MATERIALS AND SYSTEMS TO IMPROVE OCCUPANT HEALTH AND THE BUILT ENVIRONMENT

INITIATOR FUND 

Project period: January – March 2018 

GW4 community leads 

University of Bath: Richard Ball, Chris Bowen (joint PIs) 

University of Bristol: Valeska Ting  

Cardiff University: Robert Davies, Diane Gardner  

University of Exeter: Yanqiu Zhu, Meiling Zhu 

Project overview 

We will identify opportunities to develop and apply the next generation of technologically advanced ceramic materials and systems to improve the environmental impact and occupant health and wellbeing in the built environment. 

Background 

Buildings play an important role in our lives. Investigations into advanced materials and systems for the built environment could generate huge impacts, and provide key opportunities to promote the sustainable health and well-being of their occupants through integrated systems and technologies to provide clean air, water and sanitation.  

Furthermore, the construction industry is responsible for the use of a high volume of material compared to other sectors. The use of cement alone is responsible for 8% of anthropogenic CO2. In order to provide resilience and action on short-term environmental shocks and long-term environmental change, the buildings which make up our cities must be sustainable and have a minimal impact on the environment.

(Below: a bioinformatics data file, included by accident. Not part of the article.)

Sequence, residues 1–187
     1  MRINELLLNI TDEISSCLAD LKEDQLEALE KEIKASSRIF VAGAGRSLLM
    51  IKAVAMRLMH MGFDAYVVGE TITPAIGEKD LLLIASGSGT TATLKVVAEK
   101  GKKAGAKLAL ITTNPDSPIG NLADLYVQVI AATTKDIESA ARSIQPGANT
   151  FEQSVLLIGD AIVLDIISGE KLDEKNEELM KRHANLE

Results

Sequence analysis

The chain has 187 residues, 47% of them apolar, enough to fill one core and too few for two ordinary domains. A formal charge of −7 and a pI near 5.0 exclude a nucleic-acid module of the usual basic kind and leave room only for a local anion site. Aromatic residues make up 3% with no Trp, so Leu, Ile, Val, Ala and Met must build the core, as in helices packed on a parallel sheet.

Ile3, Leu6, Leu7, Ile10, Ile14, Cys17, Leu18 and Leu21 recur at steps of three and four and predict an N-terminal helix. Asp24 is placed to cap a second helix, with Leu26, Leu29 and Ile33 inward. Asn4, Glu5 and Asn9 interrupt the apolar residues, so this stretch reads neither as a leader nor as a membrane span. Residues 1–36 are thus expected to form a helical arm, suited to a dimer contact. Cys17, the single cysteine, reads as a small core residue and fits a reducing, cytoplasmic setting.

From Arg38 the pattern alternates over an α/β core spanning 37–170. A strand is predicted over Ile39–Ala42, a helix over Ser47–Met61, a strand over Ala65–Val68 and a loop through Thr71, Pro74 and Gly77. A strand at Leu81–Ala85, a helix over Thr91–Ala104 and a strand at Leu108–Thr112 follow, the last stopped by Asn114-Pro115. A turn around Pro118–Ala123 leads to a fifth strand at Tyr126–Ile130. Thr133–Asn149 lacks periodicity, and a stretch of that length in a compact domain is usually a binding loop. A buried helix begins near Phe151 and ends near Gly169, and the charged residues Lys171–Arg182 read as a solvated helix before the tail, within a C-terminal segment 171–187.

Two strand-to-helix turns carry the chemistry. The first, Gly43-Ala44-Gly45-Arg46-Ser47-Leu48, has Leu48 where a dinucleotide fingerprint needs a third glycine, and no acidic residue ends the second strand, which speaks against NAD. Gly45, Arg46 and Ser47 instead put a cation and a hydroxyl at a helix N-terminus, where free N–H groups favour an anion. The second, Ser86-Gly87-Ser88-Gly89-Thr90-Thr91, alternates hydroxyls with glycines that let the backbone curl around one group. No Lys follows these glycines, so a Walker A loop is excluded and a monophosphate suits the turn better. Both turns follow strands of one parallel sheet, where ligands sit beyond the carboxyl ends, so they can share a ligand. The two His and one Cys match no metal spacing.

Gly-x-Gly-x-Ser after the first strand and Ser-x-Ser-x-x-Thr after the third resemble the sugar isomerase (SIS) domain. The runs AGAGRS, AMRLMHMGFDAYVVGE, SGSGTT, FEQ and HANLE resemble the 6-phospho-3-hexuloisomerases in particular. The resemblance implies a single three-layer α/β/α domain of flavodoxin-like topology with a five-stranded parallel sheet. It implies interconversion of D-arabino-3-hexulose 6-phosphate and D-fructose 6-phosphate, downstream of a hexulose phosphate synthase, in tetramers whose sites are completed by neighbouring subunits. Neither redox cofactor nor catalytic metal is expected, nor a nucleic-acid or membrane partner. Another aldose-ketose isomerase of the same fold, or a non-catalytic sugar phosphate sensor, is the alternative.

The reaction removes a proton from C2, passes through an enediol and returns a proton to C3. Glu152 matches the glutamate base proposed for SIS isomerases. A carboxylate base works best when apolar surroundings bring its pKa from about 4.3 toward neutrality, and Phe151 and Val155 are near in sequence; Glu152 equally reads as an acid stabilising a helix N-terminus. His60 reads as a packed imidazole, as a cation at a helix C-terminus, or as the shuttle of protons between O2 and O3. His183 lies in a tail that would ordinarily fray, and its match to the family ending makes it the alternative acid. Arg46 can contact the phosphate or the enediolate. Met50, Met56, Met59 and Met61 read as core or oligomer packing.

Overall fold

We expect to generate huge impacts, and provide key opportunities to promote the sustainable health and well-being of building occupants through integrated systems and technologies to provide clean air, environmentally friendly energy and structural health monitoring. 

Project summary 

We have established a community between academic and industry project partners with particular knowledge and expertise in the areas of energy harvesting, photocatalytic materials and indoor air quality. These collaborations were supported and strengthened by a 2 day workshop which identified the technical challenges, expertise and resources needed to address the research goals. These plans were developed into a grant proposal and further grant outlines for the community to pursue.